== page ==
There is grandeur in this view of life, with its several powers having been originally breathed into a few forms or into one, and that while this planet has gone cycling on according to the fixed law of gravity, from so simple a beginning, endless forms most beautiful and most wonderful have been, and are being, evolved.
These are the closing words of Darwin’s On the Origin of Species, read abridged in an audio recording by Richard Dawkins from 2007.
How should we read Darwin’s book today?
Should we read it as history? Is On The Origin of Species a Hopeful Monster of a theory lacking a mechanism and made irrelevant by more recent discoveries?
As politics? Is the book no more than a privileged English gentleman naturalist explaining interesting but unsupportable things to his own social class?
As science? Is it no more than a naturalist’s attempt to synthesise what was known or speculated from biology, geology and paleontology, physics and chemistry as it was known at the time?
Richard Dawkins does an excellent job of letting Darwin, in his own words, show why On the Origin of Species prefigures modern evolutionary theory, and is fundamentally correct.
In On the Origin of Species, Darwin canvasses four main arguments:
– that variation within lineages of organisms occurs universally
– that speciation occurs when varieties of organisms are separated reproductvely
– that we can see the history of modern organisms in their related fossils, their physiology, their embryology. and their biogeographical distribution
– that other, competing explanations for the diversity of life were relying uncritically on unproven assumptions
How modern does that sound?
If, by some warp in the continuum, Darwin were granted the opportunity to see what science has uncovered since his lifetime, what might he want to change in his book?
Perhaps he would abandon his continual emphasis on natural selection as a process for perfecting biological forms. I suspect he would recognise that organisms are fit to the extent that they survive and propagate in their local environments, not by any external, universal criterion of perfection. Perfection just means adequate, here and now.
Imagine that Darwin had recognised the significance of Mendel’s genetic model when it sat on his desk? Perhaps we would have been spared a delay of eighty years before biologists had a numerical basis for heredity. Perhaps some predecessor of Crick and Watson might have had the DNA answer fifty years sooner.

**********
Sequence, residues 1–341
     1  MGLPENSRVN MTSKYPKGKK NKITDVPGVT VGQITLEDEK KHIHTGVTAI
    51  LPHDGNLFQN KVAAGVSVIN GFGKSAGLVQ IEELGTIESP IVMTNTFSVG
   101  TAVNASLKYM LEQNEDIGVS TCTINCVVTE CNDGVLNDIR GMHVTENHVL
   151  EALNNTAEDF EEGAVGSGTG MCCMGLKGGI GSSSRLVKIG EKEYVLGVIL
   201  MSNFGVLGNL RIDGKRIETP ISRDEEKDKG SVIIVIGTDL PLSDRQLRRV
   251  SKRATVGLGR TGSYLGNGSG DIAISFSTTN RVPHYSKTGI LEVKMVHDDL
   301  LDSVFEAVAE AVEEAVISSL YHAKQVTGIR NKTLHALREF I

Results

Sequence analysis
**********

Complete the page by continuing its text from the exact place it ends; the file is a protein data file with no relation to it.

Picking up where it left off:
Perhaps, Darwin might, despite being apparently a deeply shy person, have summoned the courage to abandon his deferential references to the creator. But nobody at this distance should demand that of him. Darwin never saw the uses to which religion has been put in his posterity.
This edition runs to six hours of reading time, which is about a quarter of other full-text recordings available. I don’t know how Dawkins chose which parts to delete. Darwin’s characteristic method was to make a claim, state the obvious objections, and then use many examples in sequence to support his arguments. This version contains one or a few examples to illustrate each key point. It may be that Dawkins also discarded some of Darwin’s more intricate Victorian prose.
It is evident from this reading that Darwin was a considerable prose stylist, and Richard Dawkins does him justice. Dawkins hits his marks with an excellent audio recording; his enthusiasm, understanding of the science and evident respect for the text added greatly to my enjoyment.
If you drive a lot and can’t attend to a book while you are doing it, or if you need spoken versions of your preferred reading, or even if you just like to relax with a spoken book, I can thoroughly recommend this version of On the Origin of Species, which is available from Audible.